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Our Deliberate Slide into Ignorance


Keith Taylor

Skeptical Inquirer Volume 34.2, March / April 2010

“We are the greatest country on the face of the earth!” 

That phrase has been shouted so often and so loudly that we rise and cheer en masse every time a politician makes the jingoistic proclamation. God, how we love to lie to ourselves! At least most of us do, but not Charles Pierce. He tells us we are deliberately ignorant, and he makes me wonder if other countries might not have the edge on us sometimes.

Pierce’s Idiot America: How Stupidity Became a Virtue in the Land of the Free is a polemic that won’t let go. It reminds us of the deliberate ignorance foisted on us every time we watch the news, read a paper, or open yet another e-mail telling us how we must put God back in our schools. Pierce is a regular on National Public Radio’s Wait, Wait, Don’t Tell Me and a writer who has been published in Esquire, The New York Times Magazine, The Nation, and many others.

Pierce takes on his bugaboo, stupidity, mano a mano and kicks the hell out of it. What’s more, he does it with a devastating sense of humor. To those of us who are shunted aside in our own country because we will not subscribe to myths and superstitions, there is just something delicious in watching those myths and superstitions stripped as naked as Adam in Eden.

Watching our homeland excoriated isn’t pretty, but neither is a deliberate slide into ignorance. Sadly, we are doing it to ourselves, and too many of us are cheering as it happens. The media help gullibility along by adhering to what Pierce calls the three great premises of idiot America.

The first example he gives of idiocy being taken for fact is the Creation Science Museum in Hebron, Kentucky. It certainly is a sad commentary on our gullibility that folks choose a myth over science, but it would take a determined pessimist not to laugh with Pierce as he describes how folks justify idiotic actions. He describes a naked Adam whose nakedness doesn’t include a penis. A flesh-colored (Caucasian of course) body stocking discreetly covers the offensive part. Eve appears a bit more daring with her perkies discreetly covered by her long hair.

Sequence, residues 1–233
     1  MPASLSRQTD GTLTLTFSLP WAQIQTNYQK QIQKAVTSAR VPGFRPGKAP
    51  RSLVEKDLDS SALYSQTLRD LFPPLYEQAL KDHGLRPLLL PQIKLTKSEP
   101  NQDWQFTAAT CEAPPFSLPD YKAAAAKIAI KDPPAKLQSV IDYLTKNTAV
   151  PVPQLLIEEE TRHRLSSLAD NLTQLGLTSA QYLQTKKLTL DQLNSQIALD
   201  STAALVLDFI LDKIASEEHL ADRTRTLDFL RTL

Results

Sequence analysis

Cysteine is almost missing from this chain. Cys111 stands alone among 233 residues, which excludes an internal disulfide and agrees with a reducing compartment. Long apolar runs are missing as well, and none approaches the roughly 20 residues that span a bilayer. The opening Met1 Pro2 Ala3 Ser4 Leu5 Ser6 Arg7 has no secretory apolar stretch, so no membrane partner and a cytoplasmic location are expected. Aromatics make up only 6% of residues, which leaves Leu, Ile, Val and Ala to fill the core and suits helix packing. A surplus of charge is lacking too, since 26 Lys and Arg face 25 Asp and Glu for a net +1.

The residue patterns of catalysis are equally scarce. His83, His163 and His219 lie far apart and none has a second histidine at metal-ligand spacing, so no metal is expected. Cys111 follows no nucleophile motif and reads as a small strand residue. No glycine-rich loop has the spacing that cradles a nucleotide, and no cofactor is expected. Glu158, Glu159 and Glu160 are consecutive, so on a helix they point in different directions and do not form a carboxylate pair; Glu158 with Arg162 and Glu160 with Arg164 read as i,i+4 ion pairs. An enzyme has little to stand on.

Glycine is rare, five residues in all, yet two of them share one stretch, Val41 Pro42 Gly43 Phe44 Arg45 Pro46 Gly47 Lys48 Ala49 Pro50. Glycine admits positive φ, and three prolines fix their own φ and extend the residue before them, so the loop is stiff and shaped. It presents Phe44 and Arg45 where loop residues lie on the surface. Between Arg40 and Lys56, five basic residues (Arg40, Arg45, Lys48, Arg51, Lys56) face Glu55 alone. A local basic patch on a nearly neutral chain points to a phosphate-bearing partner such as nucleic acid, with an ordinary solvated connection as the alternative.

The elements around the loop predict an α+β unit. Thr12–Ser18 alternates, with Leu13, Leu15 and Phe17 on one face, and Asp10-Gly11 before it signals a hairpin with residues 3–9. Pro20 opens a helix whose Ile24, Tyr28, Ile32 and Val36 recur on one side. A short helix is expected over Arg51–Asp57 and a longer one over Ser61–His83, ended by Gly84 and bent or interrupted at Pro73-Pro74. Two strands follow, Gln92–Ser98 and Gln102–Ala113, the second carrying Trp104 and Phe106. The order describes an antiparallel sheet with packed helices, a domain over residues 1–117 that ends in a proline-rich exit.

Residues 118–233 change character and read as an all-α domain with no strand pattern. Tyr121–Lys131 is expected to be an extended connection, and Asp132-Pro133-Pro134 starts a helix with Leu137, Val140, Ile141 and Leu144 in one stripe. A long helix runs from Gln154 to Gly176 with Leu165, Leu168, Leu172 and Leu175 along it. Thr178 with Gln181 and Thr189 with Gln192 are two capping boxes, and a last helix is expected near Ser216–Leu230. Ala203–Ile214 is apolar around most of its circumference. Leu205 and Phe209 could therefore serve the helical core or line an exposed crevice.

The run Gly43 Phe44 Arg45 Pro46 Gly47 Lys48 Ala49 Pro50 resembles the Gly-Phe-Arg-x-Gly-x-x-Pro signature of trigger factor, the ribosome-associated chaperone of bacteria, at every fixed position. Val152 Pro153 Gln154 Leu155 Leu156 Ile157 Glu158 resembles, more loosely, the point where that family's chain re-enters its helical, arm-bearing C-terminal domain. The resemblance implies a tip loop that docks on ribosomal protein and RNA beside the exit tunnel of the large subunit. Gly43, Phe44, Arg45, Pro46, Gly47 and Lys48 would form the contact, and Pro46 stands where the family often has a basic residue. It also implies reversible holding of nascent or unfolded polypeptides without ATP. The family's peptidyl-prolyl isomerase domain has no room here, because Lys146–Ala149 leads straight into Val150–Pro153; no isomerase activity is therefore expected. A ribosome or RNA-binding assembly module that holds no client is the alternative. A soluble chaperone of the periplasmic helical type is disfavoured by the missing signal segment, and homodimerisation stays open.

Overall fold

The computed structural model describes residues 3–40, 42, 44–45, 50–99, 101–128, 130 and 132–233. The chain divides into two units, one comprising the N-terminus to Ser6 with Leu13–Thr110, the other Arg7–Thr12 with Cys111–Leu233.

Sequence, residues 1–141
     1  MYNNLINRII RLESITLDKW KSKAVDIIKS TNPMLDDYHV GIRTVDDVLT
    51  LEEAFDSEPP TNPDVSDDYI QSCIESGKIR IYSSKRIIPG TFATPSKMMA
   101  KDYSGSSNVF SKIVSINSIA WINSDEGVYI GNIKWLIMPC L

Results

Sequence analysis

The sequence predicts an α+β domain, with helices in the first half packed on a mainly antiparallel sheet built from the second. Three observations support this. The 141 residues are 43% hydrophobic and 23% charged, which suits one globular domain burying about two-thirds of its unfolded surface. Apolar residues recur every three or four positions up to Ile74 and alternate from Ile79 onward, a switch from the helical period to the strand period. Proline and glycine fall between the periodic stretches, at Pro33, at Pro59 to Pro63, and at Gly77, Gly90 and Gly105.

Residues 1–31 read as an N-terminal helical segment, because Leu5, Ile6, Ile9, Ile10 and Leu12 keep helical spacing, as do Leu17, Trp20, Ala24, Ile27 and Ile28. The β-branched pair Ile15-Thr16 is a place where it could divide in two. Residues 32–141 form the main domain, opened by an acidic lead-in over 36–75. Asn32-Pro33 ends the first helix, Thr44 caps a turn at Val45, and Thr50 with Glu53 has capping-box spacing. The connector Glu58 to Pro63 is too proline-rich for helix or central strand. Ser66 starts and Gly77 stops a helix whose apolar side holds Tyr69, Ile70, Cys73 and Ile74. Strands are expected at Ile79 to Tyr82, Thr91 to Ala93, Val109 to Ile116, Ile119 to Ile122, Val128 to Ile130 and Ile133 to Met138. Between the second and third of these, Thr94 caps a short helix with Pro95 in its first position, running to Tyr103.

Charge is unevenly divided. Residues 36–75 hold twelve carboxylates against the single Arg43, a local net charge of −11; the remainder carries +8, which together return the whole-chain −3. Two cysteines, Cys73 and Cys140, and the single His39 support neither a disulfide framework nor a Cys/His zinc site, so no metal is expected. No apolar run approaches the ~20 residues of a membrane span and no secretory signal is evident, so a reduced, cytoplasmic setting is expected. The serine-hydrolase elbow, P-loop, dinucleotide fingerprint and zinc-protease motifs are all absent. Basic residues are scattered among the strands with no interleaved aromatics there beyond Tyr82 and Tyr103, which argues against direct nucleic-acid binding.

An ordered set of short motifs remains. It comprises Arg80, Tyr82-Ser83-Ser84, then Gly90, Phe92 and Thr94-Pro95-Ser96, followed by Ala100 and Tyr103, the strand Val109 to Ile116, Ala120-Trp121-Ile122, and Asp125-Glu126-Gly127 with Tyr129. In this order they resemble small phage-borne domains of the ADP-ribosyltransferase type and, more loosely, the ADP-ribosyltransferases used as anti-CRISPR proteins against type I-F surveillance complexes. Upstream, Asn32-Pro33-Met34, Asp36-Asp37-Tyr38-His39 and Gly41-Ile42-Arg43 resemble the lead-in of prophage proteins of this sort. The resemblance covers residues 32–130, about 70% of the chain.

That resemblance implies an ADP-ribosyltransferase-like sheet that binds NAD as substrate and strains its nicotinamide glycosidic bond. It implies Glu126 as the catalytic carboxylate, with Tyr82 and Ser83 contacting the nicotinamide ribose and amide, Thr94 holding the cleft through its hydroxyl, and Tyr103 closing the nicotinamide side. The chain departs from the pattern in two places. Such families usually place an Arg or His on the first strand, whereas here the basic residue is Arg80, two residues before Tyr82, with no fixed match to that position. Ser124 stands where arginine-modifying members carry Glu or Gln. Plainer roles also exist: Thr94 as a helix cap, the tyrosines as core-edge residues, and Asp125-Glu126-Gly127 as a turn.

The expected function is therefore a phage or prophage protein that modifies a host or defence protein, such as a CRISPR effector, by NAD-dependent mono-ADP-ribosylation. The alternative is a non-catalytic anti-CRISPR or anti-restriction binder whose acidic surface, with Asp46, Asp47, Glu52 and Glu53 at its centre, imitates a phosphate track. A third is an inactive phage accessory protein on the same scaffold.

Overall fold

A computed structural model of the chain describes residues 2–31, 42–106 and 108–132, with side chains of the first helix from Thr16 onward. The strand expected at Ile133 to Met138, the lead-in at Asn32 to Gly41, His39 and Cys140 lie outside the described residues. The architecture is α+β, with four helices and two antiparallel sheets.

Folks pay a ton to be completely sheltered from scientific theories, and the Creation Science Museum does a wonderful job of denying things even when they are accompanied by an abundance of proof. You won’t see any pictures of light that has been traveling 13 billion years to get here.

Elsewhere Pierce lists loony ideas that have come about as Athena did from the head of Zeus. Six years ago the country was sent into a tizzy when Texas was said to be planning a $200 billion highway that would stretch clean across the country, all the way from the Mexican border to Canada. And that wasn’t all. The Mexican government would have a checkpoint in Kansas City and would be able to control traffic right here in the good old U.S. of A! Our sovereignty would be supplanted by something that might be called Mexicania. As a rationalist might guess, the road existed only because lots of people said it did, Pierce’s third premise.

He gives example after example. He is also gracious in giving credit to the many skeptics who provided him with tales and verification.

In the end we may blame preachers and charlatans, but it is the media that carry the message. Pierce doesn’t simply blame the media, however. He tells us that the media “acted with the tacit approval of its audience. We leave ourselves on automatic pilot and realize, too late, what happens when we do.”

That is worth remembering. I belong to a group with the slogan “Dare to Think.” We ought to do that more often.

Keith Taylor

Keith Taylor is a former president and current program chair of the San Diego Association for Rational Inquiry and lives in Chula Vista, California.